Throughout the 19th century, many courageous individuals heeded the call to leave Great Britain to sail approximately 12,410 nautical miles (22,983 km) to Aotearoa New Zealand in pursuit of a better life. Both the journey, on fast merchant sailing ships called 'clippers' due to their relative speed, and arrival in their new home, was fraught with challenges.
The first wave of organised migration under the Canterbury Association's planned Church of England settlement saw twenty-eight ships carrying 3,500 people arrive between 1850 and 1853. With the demise of the Canterbury Association in 1855, the Provincial Government took over immigration until 1870, offering some migrants financial assistance for the voyage (which was expected to be repaid in part, after settlement in the new country).
From 1870 working class British, Irish, Scottish (and a few Welsh) citizens were enticed to migrate to New Zealand by agents visiting small rural villages, selling the dream of a land of plenty 'down under'. Of additional temptation was the opportunity to have their passage paid for by the New Zealand Government. Treasurer Julius Vogel was behind a massive government borrowing programme to fund public works projects. This also paid for an assisted migration scheme to provide 'manpower' to build roads, railways and telegraph lines.
For a typical agricultural labourer in England at that time one's diet consisted mainly of bread and potatoes, with a little cabbage or bacon fat thrown in as available. Many were illiterate and there was little hope of improving one's lot in life, nor of one's offspring. The impacts of the industrial revolution had exacerbated poverty as traditional livelihoods were eroded, which meant a real risk of ending up in the workhouse. Little wonder many chose to take a perilous sea voyage, in the sure knowledge that they would never see their birthplace again.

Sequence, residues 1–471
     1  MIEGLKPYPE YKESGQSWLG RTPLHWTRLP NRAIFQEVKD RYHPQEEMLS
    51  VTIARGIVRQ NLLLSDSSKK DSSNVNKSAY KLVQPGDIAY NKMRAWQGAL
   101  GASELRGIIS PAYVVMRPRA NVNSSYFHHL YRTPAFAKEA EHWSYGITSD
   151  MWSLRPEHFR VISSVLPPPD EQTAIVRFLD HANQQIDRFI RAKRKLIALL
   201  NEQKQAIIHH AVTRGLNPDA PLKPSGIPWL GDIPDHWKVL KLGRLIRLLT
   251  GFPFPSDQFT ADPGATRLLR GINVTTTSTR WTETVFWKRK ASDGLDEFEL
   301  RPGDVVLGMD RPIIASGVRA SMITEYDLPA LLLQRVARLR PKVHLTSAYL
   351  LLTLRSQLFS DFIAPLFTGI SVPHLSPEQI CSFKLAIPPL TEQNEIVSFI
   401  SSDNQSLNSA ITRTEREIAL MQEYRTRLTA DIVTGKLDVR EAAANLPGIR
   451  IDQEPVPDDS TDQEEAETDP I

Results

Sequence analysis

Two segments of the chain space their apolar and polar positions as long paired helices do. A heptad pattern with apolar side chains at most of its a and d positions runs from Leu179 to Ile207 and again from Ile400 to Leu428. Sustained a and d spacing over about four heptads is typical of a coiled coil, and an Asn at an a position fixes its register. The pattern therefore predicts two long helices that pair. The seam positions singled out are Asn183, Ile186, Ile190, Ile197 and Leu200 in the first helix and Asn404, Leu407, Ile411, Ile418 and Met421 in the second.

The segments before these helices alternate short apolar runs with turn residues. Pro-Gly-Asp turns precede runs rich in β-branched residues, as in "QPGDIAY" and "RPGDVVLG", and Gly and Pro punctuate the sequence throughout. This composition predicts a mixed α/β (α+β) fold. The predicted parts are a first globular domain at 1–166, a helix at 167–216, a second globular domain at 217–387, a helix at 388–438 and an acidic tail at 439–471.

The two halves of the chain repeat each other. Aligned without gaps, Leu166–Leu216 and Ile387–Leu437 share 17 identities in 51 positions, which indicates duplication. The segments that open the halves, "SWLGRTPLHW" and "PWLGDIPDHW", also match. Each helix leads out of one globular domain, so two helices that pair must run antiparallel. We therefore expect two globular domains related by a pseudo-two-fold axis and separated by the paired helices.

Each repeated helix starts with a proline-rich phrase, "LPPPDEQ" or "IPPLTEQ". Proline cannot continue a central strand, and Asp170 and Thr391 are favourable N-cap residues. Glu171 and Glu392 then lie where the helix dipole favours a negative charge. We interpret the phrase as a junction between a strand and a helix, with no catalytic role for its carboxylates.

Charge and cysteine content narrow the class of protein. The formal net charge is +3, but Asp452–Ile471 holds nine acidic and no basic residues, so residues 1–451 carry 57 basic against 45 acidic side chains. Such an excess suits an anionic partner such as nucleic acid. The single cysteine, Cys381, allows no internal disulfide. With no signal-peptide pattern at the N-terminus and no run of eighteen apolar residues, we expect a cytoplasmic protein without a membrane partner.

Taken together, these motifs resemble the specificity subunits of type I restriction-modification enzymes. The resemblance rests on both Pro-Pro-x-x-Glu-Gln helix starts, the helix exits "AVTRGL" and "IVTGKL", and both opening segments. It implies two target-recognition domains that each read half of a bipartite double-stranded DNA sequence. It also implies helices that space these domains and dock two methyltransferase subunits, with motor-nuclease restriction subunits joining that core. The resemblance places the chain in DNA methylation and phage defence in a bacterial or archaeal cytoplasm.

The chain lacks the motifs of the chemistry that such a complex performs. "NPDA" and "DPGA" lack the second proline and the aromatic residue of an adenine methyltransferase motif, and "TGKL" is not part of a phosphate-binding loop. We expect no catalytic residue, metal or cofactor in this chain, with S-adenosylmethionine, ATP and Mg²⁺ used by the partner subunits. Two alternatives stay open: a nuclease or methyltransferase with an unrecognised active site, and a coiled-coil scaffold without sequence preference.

More than 100,000 assisted migrants arrived during the 1870s, including a record of over 32,000 in 1874. The journey from England to New Zealand took about three months and individual experience on board was determined by the same social and economic strata that then characterised British society. If one was a privileged cabin passenger, there was space and the opportunity to stroll the poop deck and take part in 'entertainments'.
However for steerage passengers, shipboard life was mainly confined to the bowels of the vessel. Timber bunks, constructed in two tiers and measuring about six by two-three feet, with a canvas curtain, provided one's only privacy, rest area, and storage space. A long central table was the communal space for cooking, sewing or social activities. Washing was done in a bucket, toileting facilities were rudimentary, and rodents, cockroaches and lice abounded. Conditions were crowded, damp, malodorous and unsanitary; during storms, hatches were battened down, sometimes for many days at a time.